Annals of California wage and hour law

by Walter Olson on September 16, 2012

Why “we recently were forced to institute an HR policy in California that working through lunch is a firing offense.” [Coyote]

{ 4 comments }

1 bob neal 09.16.12 at 12:25 pm

Interesting article – notably misses on the ADA piece as a service animal does not have to be licensed/certified. There is no universally recognized standard. there is a very militant group of miniature horse owners out there that insist they be allowed to bring their animals into retail and other service locations and the EEOC supports their position.

With regard to the wage/hour issue, they are rather late to the party. Most large employers in California have had similar policies in place for years, so as to avoid the ridiculous class actions which will bleed them dry.

2 Mannie 09.16.12 at 1:12 pm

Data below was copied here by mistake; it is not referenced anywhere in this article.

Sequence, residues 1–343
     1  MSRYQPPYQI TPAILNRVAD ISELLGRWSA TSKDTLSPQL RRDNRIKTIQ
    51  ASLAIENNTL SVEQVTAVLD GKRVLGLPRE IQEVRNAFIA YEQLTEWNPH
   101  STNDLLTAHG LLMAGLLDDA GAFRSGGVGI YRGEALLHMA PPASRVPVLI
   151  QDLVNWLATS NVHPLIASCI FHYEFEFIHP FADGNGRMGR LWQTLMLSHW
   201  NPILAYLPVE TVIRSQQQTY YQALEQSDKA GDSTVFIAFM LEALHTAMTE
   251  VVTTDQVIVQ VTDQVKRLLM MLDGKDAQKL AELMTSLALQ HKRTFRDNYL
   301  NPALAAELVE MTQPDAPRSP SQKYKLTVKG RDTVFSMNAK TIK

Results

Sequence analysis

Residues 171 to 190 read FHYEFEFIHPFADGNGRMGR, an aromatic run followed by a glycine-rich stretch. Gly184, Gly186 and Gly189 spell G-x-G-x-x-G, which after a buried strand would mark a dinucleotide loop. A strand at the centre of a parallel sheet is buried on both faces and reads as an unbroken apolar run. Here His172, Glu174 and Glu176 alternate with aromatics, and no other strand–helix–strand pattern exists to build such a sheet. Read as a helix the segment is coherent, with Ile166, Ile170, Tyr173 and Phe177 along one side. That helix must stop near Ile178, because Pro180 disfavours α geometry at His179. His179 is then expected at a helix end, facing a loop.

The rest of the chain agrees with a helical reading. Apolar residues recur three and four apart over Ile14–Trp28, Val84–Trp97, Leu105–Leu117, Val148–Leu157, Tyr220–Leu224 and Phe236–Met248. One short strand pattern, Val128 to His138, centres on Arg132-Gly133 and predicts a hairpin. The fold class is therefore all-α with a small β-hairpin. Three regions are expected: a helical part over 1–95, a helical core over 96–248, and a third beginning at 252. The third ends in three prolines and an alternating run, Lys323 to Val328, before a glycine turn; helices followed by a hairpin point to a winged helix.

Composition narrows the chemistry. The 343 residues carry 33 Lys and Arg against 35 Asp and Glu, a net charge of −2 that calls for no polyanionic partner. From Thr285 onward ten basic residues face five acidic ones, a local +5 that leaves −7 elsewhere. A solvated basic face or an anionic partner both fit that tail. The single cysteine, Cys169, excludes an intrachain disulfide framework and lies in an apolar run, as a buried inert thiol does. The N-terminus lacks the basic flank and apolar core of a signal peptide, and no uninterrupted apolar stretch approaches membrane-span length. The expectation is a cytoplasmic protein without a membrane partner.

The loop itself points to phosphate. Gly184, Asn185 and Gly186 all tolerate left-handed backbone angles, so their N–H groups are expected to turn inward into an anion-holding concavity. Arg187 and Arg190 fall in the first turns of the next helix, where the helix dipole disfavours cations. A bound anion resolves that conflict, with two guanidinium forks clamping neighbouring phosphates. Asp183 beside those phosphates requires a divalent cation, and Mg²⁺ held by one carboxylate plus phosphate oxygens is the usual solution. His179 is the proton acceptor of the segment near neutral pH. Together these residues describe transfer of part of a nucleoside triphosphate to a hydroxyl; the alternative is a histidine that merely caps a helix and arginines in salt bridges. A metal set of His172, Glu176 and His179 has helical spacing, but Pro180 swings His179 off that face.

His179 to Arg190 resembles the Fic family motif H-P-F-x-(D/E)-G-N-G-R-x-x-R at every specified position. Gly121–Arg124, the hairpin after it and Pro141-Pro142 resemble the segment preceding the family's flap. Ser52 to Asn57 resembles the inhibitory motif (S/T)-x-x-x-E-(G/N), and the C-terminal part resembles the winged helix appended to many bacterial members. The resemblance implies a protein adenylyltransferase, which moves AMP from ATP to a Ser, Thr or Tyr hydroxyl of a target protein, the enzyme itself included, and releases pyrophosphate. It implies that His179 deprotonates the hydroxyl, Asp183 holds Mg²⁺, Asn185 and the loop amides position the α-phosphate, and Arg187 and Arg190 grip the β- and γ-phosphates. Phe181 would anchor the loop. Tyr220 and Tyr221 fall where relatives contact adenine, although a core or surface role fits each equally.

With regard to the wage/hour issue, they are rather late to the party.

I remember discussing this with someone in the 70s. At the Welfare Dept they were required to take their 15 minute breaks, in addition to lunch, on pain of firing.

3 Suzanne Lucas--Evil HR Lady 09.16.12 at 2:30 pm

Like Bob said, the whole lunch thing is old hat. FLSA requires pay for all hours worked, whether your boss authorized it or not.

I don’t normally toot my own horn with links in comments, but I wrote about a real live case last January: http://www.cbsnews.com/8301-505125_162-57364513/can-you-be-fired-for-skipping-lunch/

Personally, I’d like to see the FLSA abolished and allow employees and employers to negotiate pay however they please, but I’m not holding out for that.

4 roy in nipomo 09.17.12 at 4:54 pm

In the late ’80s I remember hearing (from one of his former co-workers who became my supervisor) of an old-school police detective whose morning ritual involved: show up at work 30 min early, sit at his desk and eat a donut (actual number undisclosed), drink his coffee and read his newspaper. At the time of the start of his shift, he’d clear everything off and start work. The City’s HR told him he would be fired if he continued the practice as, under the law, they were supposed to pay him for just being at his desk.

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